The effects of the recession and real estate crash are still being dealt with in North Aurora, where trustees Monday decided the village was taking over finishing public improvements at three developments.
The board also voted to do the same at a fourth development, if the new developer doesn't start the work by July 30.
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The board voted 4-0 to draw on letters of credit to finish the work in the Autumn Ridge, Remington Landings and Randall Square developments. The letters of credit, backed by banks, were posted by the developers when their projects were approved, to guarantee the work would be done. The work includes installing sidewalks and parkway trees, moving overhead utilities, widening Oak Street and putting the top coat of binder down on roads, among other things.
Each of the developers had been granted at least a one one-year extension of the deadlines to get the work done. In Randall Square's case, the matter has been complicated by some of the lots going to foreclosure, said Scott Buening, the village's community development director.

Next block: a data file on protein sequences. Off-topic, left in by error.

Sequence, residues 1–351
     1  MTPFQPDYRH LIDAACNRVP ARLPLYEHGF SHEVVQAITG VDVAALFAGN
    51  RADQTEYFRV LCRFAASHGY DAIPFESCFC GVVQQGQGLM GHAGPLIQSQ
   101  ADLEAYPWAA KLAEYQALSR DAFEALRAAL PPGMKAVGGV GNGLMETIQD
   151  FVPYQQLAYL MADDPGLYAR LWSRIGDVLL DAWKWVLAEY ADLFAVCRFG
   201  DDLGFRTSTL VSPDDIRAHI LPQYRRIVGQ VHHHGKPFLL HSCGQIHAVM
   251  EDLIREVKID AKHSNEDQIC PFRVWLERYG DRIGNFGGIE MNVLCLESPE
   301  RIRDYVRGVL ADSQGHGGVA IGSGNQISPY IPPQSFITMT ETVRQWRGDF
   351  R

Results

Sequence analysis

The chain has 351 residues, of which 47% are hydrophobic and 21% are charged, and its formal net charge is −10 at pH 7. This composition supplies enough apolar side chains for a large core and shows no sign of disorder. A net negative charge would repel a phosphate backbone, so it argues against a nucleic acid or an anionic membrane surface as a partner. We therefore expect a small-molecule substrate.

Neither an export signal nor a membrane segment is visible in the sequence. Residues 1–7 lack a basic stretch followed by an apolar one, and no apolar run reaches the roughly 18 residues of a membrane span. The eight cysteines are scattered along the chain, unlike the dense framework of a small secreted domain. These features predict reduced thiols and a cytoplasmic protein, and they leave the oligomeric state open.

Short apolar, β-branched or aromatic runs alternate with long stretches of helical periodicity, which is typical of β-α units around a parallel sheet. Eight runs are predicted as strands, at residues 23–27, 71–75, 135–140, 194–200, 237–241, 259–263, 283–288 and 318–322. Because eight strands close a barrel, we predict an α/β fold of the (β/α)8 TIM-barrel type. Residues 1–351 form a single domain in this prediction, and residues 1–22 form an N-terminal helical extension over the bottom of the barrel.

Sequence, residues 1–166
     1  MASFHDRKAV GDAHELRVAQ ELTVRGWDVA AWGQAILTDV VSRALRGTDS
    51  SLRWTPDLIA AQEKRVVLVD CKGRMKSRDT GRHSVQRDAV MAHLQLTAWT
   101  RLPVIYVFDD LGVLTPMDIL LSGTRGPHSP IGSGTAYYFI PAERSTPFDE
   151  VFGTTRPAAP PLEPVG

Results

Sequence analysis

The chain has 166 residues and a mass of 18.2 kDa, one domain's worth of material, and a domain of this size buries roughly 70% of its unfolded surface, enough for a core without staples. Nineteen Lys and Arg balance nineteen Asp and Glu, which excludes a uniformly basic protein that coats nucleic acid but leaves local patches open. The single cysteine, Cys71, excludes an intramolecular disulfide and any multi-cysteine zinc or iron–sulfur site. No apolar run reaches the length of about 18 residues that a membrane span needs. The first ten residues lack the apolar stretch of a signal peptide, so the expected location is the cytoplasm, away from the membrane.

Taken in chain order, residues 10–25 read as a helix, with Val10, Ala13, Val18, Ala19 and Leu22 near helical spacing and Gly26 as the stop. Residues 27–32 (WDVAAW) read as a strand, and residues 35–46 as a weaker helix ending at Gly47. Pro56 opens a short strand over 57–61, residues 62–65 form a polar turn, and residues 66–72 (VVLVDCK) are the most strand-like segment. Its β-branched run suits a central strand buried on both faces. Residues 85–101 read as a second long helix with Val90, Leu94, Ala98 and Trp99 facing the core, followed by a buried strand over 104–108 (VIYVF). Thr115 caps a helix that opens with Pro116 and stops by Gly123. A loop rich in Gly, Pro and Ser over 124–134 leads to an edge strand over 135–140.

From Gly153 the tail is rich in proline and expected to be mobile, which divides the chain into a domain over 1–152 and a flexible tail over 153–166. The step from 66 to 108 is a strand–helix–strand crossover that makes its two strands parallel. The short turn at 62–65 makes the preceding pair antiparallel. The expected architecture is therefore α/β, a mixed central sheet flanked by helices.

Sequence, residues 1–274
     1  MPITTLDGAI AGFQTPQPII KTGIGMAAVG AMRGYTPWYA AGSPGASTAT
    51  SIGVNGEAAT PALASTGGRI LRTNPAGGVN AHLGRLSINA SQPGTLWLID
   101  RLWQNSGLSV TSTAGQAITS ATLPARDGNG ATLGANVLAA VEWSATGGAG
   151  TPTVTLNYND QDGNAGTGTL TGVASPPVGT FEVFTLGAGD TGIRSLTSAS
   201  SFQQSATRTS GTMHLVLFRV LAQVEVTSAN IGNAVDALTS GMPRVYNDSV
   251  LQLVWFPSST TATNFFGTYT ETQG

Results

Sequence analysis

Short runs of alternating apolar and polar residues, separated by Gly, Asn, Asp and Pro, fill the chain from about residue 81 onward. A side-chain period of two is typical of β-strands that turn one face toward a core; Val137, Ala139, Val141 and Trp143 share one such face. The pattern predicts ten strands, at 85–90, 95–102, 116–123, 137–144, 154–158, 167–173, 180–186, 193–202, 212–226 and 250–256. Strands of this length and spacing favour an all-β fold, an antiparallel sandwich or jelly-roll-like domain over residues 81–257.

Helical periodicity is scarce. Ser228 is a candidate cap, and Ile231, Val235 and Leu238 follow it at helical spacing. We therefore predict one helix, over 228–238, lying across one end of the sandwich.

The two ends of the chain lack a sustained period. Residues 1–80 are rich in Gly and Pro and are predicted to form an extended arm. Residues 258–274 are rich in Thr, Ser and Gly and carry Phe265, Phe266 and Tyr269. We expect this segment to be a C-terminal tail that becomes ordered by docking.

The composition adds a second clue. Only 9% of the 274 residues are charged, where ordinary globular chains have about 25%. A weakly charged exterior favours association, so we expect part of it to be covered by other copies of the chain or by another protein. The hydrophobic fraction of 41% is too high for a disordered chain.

The village still holds out hope, however, that the developer of the Randall Highlands townhouse subdivision will do the work. Several months ago the village gave the new owner and developer permission to finish the project by building rental townhouses (the original townhouses are individually owned.) Jim Hughes, representing developer Next Generation LLC, said Next Generation is still trying to get financing to build the townhouses, but that it has had a hard time due to the project proposing two- and three-bedroom units. Typically, rental townhouses used to be one- and two-bedroom units, he said. But with the economic downturn of the past five years, he believes there is a market for young families looking to rent bigger units. "It is a different niche," Hughes said.
The village is, however, concerned about timing, because the roads in the development have been there five years. It believes if the roads don't get a top coat of binder this summer, they will need more extensive paving next year, driving the cost up another $200,000. Administrators are concerned that if the work doesn't start by July 30, and the village takes over, the public bidding schedule will push the paving into the fall. The risk then is that cold weather typically means asphalt plants shut down.
The developer has been given a July 30 deadline to start the work.